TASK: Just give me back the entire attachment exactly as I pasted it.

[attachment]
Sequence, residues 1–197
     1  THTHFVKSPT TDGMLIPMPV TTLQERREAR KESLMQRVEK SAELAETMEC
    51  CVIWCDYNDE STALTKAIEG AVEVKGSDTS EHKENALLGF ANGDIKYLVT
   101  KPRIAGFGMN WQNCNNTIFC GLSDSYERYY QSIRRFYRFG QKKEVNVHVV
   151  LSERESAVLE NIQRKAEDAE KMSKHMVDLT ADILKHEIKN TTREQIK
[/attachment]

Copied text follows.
Sequence, residues 1–197
     1  THTHFVKSPT TDGMLIPMPV TTLQERREAR KESLMQRVEK SAELAETMEC
    51  CVIWCDYNDE STALTKAIEG AVEVKGSDTS EHKENALLGF ANGDIKYLVT
   101  KPRIAGFGMN WQNCNNTIFC GLSDSYERYY QSIRRFYRFG QKKEVNVHVV
   151  LSERESAVLE NIQRKAEDAE KMSKHMVDLT ADILKHEIKN TTREQIK